Dave Dombrowski, former GM of Tigers, fired by Red Sox
Boston — Dave Dombrowski built World Series champions in Florida and Boston in a 40-year career in baseball and also helped the Detroit Tigers reach the Series twice.
He’s also pretty experienced at what happens after that.
The Red Sox parted ways with Dombrowski shortly after midnight Monday, less than a year after winning the World Series. In three years as the team’s president of baseball operations, he took the team from back-to-back last-place finishes to three straight AL East titles.
That reign could end as soon as Monday night with a loss to the New York Yankees in the series finale.
“Four years ago, we were faced with a critical decision about the direction of the franchise,” Red Sox owner John Henry said in a statement Monday. “With a World Series championship and three consecutive American League East titles, he has cemented what was already a Hall of Fame career.”
The news was first announced after a 10-5 loss to the Yankees while most of the city’s attention was focused on the New England Patriots’ season-opening victory over Pittsburgh and the unveiling of a sixth Super Bowl banner.
A statement emailed to reporters later Monday quoted the team’s top brass but said there would be “no formal media availability” to discuss the move less than a year after the team won the World Series.
It was nothing new to Dombrowski, who has also been fired from the White Sox and Tigers.
Dombrowski, who was with the Tigers from 2002-15, did not immediately respond to a text message seeking comment.
“Dave will hold a special place in franchise history as a key architect of one of the greatest Red Sox teams ever assembled,” co-owner Tom Werner was quoted as saying. “His willingness to make bold moves helped deliver our fourth World Series championship in the 21st century.”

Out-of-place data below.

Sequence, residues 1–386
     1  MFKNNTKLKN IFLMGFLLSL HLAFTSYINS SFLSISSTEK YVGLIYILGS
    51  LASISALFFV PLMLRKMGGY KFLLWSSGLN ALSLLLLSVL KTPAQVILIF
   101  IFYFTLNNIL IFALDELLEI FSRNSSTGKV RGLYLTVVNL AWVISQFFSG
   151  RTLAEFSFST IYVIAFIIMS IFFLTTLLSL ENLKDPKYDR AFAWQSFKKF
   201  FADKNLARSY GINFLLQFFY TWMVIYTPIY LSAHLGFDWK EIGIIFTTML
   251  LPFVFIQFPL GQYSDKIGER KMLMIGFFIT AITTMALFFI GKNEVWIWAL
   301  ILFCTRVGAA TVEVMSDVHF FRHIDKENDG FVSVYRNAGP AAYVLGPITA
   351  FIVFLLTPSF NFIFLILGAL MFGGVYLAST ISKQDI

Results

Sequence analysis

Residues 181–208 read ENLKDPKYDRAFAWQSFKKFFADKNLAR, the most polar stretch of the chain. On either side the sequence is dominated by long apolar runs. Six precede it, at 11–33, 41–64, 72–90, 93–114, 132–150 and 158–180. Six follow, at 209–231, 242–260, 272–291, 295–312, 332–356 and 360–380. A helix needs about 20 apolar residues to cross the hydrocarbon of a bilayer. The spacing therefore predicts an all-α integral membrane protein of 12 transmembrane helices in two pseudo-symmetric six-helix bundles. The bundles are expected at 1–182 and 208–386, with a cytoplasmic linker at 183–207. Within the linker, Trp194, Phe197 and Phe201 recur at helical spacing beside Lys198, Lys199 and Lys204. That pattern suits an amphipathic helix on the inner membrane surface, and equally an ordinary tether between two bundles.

A veteran baseball executive who worked in front offices in Chicago and Montreal before winning a championship in Miami and helping the Tigers win two AL pennants, the 63-year-old Dombrowski was brought in to steady the Red Sox front office in 2015 while the team stumbled.
The Red Sox followed with three straight AL East titles – a first in franchise history – and won a club-record 108 games last season en route to their fourth World Series championship since 2004.
But this year’s team – with largely the same roster as last year’s – has gone 76-67, losing five of their first six games and never really getting back into contention. While Dombrowski stood pat at the trade deadline, with a wild-card berth still in reach, the club went on an eight-game losing streak.
The Red Sox finished Sunday trailing the Yankees by 17.5 games in the AL East with 19 games to play.
“I just found out, so, surprised and shocked, obviously,” said Red Sox manager Alex Cora, who was hired by Dombrowksi before the 2018 season. “He gave me a chance to come here and be a big league manager. It’s one of those that they just told me, so I’m not ready to talk about it.”
Right-hander Rick Porcello's career has been tied to Dombrowski's as much as any player. Dombrowski was the general manager of the Tigers when they drafted Porcello in the first round (27th overall pick) in 2007. Dombrowski traded Porcello to Boston in 2014, before following him in 2015.
Porcello, who took the loss against the Yankees on Sunday, and his teammates learned of the move as the game ended.
"I'm still processing everything, processing myself, too," Porcello said. "It's really hard to reflect on it right now. I'll have potentially a better answer in a couple days but, yeah, you never like to see anybody lose their job over what we're doing on the field. And unfortunately that's the case right here.
"You take lots of guilt with you as a player because you're the one that can make or break things and that's the part that hurts me."